Flour power

Oh, I know, such a predictive post title – but I couldn’t resist! Yes, it’s rant time. Or maybe it isn’t. Maybe it’s more a ‘shaking my head in sad bafflement’ time.

IMG_6863I’m a baker. I love making bread, hands and/or ancient Kenwood permitting, and do so on a regular basis. I slice it and store it in the freezer, and always try to have stock in. That’s because if I run out I’m back to the boiled baby’s blanket that passes for a loaf – even a supposedly ‘artisan’ loaf – in a local supermarket. Oh, all right – rant alert: what the heck is ‘artisan’ about any Tesco bread anyway? But I suppose ‘mass-produced in some giant factory and then shipped out to stores for a quick tart up’ doesn’t have quite the same marketing spin, does it?

Artisan, my arse. Ahem.

I buy flour in bulk. I used to share a sack with a friend, but I’m using much less wholemeal now, having finally twigged about excessive fibre giving me digestive problems. So I now buy five 1.5kg bags of Marriages Strong White Organic from a wholefood co-op, and add a little wholemeal for extra oomph. I’ve been quite happy with that, but the latest batch has been rather different. It’s softer than normal, much lighter, even finer. It’s got a completely different feel, and I’d be happy to make cakes with it which I would normally avoid with bread flour. It also makes perfectly good bread, but I’m intrigued. I know flour varies enormously – even the flour you get from one field of wheat can be different from that produced by the grains grown in the next field – but this is a huge change. Maybe it’s time to look at some different flours?

white flourI’ve tried quite a few, all stoneground – the Marriages is roller-milled, but until now I’ve been fine with that; it’s the only roller-milled flour I’ve felt was comparable. I’ve tried other roller-milled flour (the standard way of producing flour, at least in a more ‘commercial’ setting) and I can tell the difference, or I think I can. I like my flour to taste of something, and I find that other roller-milled flours are rather bland for breadmaking. Great if that’s what you want (or, of course, what you can afford) and absolutely fine for some circumstances, but I did a comparison bread test and yup, I could tell. Or maybe it was a case of emperor’s new clothes – I’m still not sure.

If I am right, there might be good reason for it. Many bakers think roller mills run too quickly, thus generating enzyme-damaging heat and giving rise to flour which lacks character. In addition, roller-milled flour has all the goodies – like the wheatgerm – removed and then added back in at the end of the milling process.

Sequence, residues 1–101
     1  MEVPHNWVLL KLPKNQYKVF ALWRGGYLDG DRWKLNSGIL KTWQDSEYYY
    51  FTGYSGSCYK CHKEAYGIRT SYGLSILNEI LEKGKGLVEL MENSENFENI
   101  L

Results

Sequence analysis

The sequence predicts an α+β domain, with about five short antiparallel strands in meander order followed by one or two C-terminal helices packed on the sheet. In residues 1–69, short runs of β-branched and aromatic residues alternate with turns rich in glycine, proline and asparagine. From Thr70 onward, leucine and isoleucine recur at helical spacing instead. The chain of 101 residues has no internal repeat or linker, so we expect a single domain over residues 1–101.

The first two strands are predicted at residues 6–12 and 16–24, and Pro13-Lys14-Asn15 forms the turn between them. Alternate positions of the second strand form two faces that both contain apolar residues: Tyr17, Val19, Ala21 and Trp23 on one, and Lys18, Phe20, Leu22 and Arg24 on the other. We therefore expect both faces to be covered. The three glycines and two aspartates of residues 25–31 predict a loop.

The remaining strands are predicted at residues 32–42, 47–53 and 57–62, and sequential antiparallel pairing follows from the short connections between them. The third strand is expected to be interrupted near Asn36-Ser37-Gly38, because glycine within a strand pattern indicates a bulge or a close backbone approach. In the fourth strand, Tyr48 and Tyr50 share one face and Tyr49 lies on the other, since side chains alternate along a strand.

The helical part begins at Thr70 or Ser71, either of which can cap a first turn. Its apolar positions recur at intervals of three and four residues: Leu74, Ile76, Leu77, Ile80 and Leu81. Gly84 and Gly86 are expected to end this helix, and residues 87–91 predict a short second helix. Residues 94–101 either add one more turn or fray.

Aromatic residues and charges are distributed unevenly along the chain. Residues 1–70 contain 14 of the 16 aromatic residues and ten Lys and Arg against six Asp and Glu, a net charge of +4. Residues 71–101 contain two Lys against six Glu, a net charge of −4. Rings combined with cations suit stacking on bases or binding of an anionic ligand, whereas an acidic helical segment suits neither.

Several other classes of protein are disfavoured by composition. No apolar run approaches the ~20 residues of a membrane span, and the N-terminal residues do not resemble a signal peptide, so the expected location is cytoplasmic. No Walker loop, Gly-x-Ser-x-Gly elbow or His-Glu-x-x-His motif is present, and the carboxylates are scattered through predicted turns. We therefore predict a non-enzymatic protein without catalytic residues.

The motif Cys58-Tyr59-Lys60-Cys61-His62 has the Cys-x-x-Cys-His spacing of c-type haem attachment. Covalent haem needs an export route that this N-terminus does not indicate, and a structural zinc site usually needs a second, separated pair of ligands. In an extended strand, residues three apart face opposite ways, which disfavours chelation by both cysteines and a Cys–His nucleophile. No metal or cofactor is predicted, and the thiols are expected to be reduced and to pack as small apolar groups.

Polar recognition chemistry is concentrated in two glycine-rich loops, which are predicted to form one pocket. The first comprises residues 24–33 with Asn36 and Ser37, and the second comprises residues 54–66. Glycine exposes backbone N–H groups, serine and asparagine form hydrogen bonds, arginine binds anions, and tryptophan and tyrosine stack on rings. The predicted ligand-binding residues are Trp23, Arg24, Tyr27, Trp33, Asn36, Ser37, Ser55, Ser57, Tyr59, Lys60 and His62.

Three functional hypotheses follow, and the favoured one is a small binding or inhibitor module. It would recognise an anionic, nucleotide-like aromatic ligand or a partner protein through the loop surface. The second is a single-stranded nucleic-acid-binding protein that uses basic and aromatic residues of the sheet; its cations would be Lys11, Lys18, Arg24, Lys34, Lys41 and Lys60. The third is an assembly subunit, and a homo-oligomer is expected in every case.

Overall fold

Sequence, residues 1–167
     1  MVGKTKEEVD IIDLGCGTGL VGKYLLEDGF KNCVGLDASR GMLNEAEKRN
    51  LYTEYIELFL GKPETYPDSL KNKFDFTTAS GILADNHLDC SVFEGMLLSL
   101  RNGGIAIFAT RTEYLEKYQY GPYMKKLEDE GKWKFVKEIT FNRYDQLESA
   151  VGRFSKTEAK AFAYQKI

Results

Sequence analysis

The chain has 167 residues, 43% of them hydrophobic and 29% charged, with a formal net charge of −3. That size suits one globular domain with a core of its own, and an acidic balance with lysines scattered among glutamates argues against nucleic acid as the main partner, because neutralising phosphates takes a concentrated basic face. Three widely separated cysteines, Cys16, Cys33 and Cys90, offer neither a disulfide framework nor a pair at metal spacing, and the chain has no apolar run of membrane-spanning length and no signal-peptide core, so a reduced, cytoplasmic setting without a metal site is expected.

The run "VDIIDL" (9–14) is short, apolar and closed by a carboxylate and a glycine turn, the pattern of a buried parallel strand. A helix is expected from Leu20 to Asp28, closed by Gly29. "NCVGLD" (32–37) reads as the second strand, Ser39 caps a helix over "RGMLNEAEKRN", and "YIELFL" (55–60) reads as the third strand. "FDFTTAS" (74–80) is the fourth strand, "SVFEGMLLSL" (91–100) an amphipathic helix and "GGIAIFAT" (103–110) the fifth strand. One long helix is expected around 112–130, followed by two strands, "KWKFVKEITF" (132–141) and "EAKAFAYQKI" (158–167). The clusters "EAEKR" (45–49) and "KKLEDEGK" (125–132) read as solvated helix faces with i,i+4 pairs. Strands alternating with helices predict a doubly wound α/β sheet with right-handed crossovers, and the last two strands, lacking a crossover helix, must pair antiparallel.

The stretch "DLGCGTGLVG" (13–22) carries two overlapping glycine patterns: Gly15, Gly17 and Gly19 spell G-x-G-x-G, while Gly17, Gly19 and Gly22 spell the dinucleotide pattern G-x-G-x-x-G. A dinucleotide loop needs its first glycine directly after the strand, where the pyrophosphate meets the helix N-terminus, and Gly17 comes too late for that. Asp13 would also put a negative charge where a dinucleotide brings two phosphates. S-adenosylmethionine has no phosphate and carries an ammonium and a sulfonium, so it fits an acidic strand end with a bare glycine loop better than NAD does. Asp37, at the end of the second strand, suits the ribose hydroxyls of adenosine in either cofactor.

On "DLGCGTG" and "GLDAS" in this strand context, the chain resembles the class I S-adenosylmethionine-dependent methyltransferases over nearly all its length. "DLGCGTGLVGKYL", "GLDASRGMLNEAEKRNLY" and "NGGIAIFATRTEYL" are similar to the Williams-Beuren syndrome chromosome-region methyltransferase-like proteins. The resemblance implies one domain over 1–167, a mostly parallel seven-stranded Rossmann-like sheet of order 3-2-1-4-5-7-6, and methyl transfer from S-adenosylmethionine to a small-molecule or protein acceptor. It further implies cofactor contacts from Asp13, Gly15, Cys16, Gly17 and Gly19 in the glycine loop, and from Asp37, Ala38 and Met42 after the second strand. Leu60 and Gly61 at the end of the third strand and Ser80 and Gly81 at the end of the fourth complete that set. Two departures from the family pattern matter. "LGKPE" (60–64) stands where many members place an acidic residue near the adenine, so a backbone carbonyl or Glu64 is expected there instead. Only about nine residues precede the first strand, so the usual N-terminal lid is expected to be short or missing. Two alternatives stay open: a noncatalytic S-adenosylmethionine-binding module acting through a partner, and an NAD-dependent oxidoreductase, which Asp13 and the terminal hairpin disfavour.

quernBut I’m not going back to prehistory, either: grains ground between the stones of a quern like this one could a) take forever – I know, I’ve done it, and b) add extra tooth-grinding grit to the flour, depending on the material used for the quern. Using a quern also wrecks your knees, neck, back, hands and wrists – women’s work, eh?

Nope, I’m happy with perfectly normal stoneground for my bread, so I’m going on a mission: to try all sorts of flours from small mills, big mills, artisan mills, little mills up obscure lanes in the Welsh countryside who sell their flour though a single outlet in Aberystwyth, Machynlleth, Conwy or Bangor. Whenever I find something a bit out of the ordinary, I’ll buy it and give it a go.

I can easily get Marriages and Dove’s Farm, and those are what I’ll use in between. I can also lay my hands on Bacheldre (the mill was up for sale in the summer, can’t work out if it’s been sold or just withdrawn from sale), Gilchesters, Little Salkeld Watermill and Shipton Mill, because they’re all available through the co-op or local healthfood shops. But I’m really after the unusual (plus I had a weevil-based experience with Shipton Mill’s strong white which has rather put me off retesting that one).

It doesn’t have to be wheat, either; of course there are other grains to try. I’ve used spelt and I love it for soda bread; its perfect for that. I’ve tried emmer and einkorn (as an acrchaeologist, even an ex-archaeologist, I felt obliged to give these neolithic grains a go) and I’ll happily have a bash at almost anything. But for me, it’s fundamentally wheat flour. But which one? I’m no nearer to my answer, though I have now set myself off on a Flour Quest for 2015 (think Shrek and Donkey going after Princess Fiona, though I’m female, not green and am unaccompanied by Eddie Murphy). But am a lot nearer to a beautiful fresh loaf. Must let it cool down, must let it cool down…

YUM!

PS: since writing this I’ve been in contact with Marraige’s, and they’ve asked me to send a packet back to them for them to check out. Luckily I still had one unopened pack – the rest had gone in the flour bin – and it’s on its way back to Essex as I write. A strange Christmas present for the miller, but there you go… us flour-obsessives are a strange lot.

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4 thoughts on “Flour power

  1. What an interesting post – I shall be fascinated to see you reporting on your findings. We eat very little bread now, but I won’t eat stuff I haven’t baked myself with decent flour (OH is a bit less fussy).

    1. Thanks! (And I’m with you…)

      I’ve just realised that if I find something wonderful, and it’s from a mill miles and miles away, I’m going to be in for a lot of driving or huge postal charges… but who can tell?

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